Let’s address the slightly touchy, but totally obvious elephant in the room first. Ha Ji Won is 39 and Kang Min Hyuk is 26. Is there really going to be a believable romance between these two? I admit the age difference put me off, but I decided to give Hospital Ship a chance since Ha Ji Won has more than one drama example of awesomeness on her resume. So was it worth it?
Let’s look at your chart
Ha Ji Won plays superstar surgeon Song Eun Jae who is on the fast track to being top dog at her fancy Seoul hospital. She prefers to think of her patients as sub-human while she operates, leaving her emotions out of the equation. Eun Jae has no time for friendship or family, and she repeatedly rebuffs her mother’s attempts to be part of her life. Something derails her upward climb on the success ladder and she finds herself on a creaky hospital ship with a hot, younger doctor of internal medicine played by Kang Min Hyuk. Dr. Hottie has his own parental problems and some sort of professional trauma that leaves his hands shaking when he tries to assist Eun Jae during a medical emergency. Can these two pull it together both professionally and personally?
The Love Boat this is not. I hope no one thinks I’m hating on Ha Ji Won. The woman is beautiful and she starred in my all-time, top of the list, favorite drama – The King 2 Hearts. There was a sizable gap in age between her and her co-star Lee Seung Gi of about 8 1/2 years and that bothered me not one iota. Their chemistry sizzled right off the screen. Anybody else remember the Refrigerator Kiss? Those were good times. Maybe it’s because Min Hyuk has such a baby face. To me, he still looks like a freshman college student. It would help if he stopped carrying a backpack. So far, the romance factor is not happening for me. The one cute and believable moment was when her mom tried to set him up on a blind date with her daughter’s picture and he seemed interested. But when they are in the same room, it’s slow sailing.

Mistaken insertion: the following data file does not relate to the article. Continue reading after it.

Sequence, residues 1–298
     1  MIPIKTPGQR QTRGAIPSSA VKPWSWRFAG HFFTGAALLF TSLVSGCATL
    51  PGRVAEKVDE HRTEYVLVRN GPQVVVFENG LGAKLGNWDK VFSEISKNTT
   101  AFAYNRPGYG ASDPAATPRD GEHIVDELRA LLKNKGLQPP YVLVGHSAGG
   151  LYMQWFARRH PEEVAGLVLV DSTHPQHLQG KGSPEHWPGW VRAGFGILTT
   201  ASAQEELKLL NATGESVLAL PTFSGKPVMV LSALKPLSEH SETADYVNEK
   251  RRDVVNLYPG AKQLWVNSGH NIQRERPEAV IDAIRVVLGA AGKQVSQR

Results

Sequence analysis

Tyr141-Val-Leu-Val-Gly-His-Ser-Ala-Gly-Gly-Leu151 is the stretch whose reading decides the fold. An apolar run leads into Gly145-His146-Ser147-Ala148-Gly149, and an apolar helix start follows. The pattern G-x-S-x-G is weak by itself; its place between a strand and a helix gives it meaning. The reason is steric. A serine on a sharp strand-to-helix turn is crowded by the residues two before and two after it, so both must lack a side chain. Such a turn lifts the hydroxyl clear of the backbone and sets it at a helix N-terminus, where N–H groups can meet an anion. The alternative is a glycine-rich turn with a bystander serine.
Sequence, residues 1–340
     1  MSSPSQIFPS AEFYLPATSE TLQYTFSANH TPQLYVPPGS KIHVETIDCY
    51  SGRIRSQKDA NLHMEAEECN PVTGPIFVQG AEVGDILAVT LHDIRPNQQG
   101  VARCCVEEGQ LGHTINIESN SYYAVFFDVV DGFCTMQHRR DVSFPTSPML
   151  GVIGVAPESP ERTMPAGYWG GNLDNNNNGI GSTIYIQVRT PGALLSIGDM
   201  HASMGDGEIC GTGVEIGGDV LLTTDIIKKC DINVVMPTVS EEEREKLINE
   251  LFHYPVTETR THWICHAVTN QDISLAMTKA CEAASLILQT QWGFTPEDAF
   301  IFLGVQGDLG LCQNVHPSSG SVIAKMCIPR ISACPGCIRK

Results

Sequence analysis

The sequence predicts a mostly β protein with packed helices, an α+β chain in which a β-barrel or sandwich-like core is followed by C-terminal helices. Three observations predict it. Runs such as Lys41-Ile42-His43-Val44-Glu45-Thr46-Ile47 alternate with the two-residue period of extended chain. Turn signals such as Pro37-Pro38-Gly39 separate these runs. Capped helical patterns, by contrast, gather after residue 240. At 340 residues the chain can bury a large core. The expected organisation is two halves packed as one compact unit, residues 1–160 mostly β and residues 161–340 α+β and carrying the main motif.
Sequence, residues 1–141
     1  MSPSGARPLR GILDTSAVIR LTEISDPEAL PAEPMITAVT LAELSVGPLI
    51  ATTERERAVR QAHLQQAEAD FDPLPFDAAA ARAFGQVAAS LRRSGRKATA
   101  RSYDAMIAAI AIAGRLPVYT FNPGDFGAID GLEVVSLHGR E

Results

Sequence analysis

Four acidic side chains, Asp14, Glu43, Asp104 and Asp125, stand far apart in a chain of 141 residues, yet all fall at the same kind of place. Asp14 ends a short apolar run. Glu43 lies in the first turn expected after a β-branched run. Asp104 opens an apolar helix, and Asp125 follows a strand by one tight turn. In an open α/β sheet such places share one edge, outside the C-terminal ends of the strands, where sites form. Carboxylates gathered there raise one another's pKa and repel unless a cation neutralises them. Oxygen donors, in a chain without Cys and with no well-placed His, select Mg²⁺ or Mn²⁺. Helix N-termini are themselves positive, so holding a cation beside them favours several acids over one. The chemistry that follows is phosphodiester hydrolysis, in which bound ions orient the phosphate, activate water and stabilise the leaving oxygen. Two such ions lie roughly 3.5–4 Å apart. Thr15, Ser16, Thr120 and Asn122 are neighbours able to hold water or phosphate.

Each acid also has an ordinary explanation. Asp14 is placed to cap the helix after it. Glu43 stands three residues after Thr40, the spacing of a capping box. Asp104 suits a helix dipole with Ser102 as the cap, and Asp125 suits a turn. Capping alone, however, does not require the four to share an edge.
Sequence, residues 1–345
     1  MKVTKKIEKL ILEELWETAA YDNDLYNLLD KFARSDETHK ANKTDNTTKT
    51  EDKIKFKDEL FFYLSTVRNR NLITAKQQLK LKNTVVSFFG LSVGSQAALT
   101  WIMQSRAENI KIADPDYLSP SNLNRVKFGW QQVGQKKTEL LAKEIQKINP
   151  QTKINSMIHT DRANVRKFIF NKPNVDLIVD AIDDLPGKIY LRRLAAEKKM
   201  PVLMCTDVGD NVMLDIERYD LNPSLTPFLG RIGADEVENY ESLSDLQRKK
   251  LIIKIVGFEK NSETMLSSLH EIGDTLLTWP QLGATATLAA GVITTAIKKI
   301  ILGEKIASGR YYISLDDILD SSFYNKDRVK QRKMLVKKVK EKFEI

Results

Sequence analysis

The doctor will see you now
The romance may be spread thin, but are you the medical drama type? Then this might be the story for you. Much of the show is spent on surgeries and diagnosing illnesses. There’s lots of blood spurting, squishy sound effects, and digging around in body cavities. (The whole ER/Grey’s Anatomy craze passed me by, so I can’t relate.) Surprisingly, not much of this medical mayhem happens on the hospital ship. They spend very little time on the boat, even though this is one of the most unique aspects of the plot. Maybe this will change as the show progresses.
With a dash of mystery
So why did a hotshot surgeon end up on a no name boat helping people in the Korean boondocks? That’s the twenty-four dollar question. Lots of references are made to an “incident” that happened at the Seoul hospital, and her new co-workers waste a lot of energy speculating what it could be. My guess is that it has something to do with the entitled, chaebol heir in episode 1 that kept making a play for her. Maybe she rejected him one too many times and he called in a favor. I don’t know if I’ll stick around long enough to find out.
Somebody forgot to pay the electric bill
What’s with the dark feel of the show? This director loves the artistic illumination with faces highlighted by computer screens. But it’s more than just the moody lighting. The whole feel of Hospital Ship screams MELODRAMA. There’s too much shadow. I need more humor to make the dramatic moments shine in contrast. When it’s all shocked expressions and screams of agony, it starts to feel manufactured and cheesy.
There’s comedy gold to be mined
Symptoms of the funny leave me wishing for what could be. The flower boy doctors on the hospital ship (technically, one’s a dentist) have their moments of comedy. I liked when Flower Boy Dentist commented that Ha Ji Won was just his type – nice body and pretty face. Hey, genius. Isn’t that every guy’s type? And when Kang Min Hyuk first meets Eun Jae, he knows she looks familiar and wonders if she joined the crew because of him. Pfffft. If only they had pursued this narcissistic story line a little longer. I feel that the show would be more balanced if they added more scenes like this.
So what’s the diagnosis? This drama suffers from melodramatic malaise. Everything is soooooo serious without the necessary build-up to make us care. This is not the drama I would show my friends if I were trying to win them over to the K-world. There is something very over-the-top and almost soap opera about it. But if that’s your cup of tea, then be sure to check it out.
Dramas with a side of kimchi